Email marketing is still an important part of just about any digital marketing program. Here are a few tips for making it more effective–and making it work better with your website.
The difference between your email being read and your email being deleted–or a recipient unsubscribing–is relevance. If your email isn’t relevant, it’s going to be ignored.
And while “Hi, Andrew” is better than “Hi, friend” (and certainly better than “Hi, [name]”) that kind of personalization is not going to increase relevance.
Similarly, your design and layout need to fit the subscriber’s needs and expectations, but that alone won’t be sufficient, either.
Relevant content is what counts. And keeping content relevant can be done two ways:
You can ask your subscribers what they want to hear about by giving them the ability to choose what topics they are interested in. This means you’ll likely need to send two, three, or four different versions of your email you need to fit the various audience segments you seek to engage with.
Second, as your list grows and email becomes more valuable, you can invest in the kinds of tools that track content consumption so you know how each subscriber’s interests change over time. You also know exactly what they’ve seen so you don’t offer them the same content again. Nothing encourages hitting the delete button like seeing repeat content.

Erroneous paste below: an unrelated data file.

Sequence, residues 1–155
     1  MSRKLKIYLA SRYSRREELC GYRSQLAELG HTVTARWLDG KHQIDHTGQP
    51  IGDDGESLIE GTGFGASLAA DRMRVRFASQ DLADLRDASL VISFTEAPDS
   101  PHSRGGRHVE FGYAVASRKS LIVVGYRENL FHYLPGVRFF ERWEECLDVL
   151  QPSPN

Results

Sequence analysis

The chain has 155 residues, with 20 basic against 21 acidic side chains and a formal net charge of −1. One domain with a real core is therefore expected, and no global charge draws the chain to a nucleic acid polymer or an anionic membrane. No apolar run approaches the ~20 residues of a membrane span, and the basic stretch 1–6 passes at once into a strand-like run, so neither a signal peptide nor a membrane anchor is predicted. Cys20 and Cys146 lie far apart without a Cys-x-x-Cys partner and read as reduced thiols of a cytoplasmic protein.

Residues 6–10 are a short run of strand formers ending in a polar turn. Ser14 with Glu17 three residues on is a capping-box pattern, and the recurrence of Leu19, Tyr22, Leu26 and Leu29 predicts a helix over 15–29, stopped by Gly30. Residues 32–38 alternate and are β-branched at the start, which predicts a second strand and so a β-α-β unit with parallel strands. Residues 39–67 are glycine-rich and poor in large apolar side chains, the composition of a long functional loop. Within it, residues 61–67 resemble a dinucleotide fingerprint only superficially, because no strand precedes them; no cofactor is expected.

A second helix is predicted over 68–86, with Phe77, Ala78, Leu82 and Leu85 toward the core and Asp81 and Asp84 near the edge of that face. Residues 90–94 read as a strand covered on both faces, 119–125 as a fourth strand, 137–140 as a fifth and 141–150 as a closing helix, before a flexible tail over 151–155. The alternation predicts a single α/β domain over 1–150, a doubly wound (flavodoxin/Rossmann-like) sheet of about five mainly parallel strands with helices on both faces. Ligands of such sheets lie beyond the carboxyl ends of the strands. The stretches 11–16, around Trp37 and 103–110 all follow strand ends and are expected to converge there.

Even if your website and email analytics tell you that your audience is more desk-bound than mobile, understand that the reality is that initial triage happens on a mobile device for many of us.
That is, we may not read emails in full on your phone, but we often weed through the unwanted while we’re waiting in line or in transit or anywhere we have a few minutes to kill–and our mobile devices. Relevance and importance rule the day here, but an email that can’t be deciphered isn’t doing itself any favors. Don’t get deleted just because you think mobile doesn’t matter to your audience. It almost certainly does.
Ask for action
Give your audience the option to engage further. Encourage them to visit your website. Get them to deepen their relationship with you–otherwise, you’re just publishing free content. Every email you send should have a “next step” that the content steers them toward.
Don’t push too hard, though. Remember that email can be a great way to nurture relationships over time. For most B2B businesses, though, it is not an ideal primary sales/marketing tool.
If you’ve got content that is truly viral-worthy, it needs to be easily shareable to get the process started. It won’t go viral if it can’t be shared. And even if it’s not quite that exciting, you do want to make it easy for a prospect to share with her team. Make it easy or it won’t happen.
Don’t forget to monitor your metrics. Email marketing remains a valuable tool for nearly all B2B marketers and a few simple improvements can yield even better results.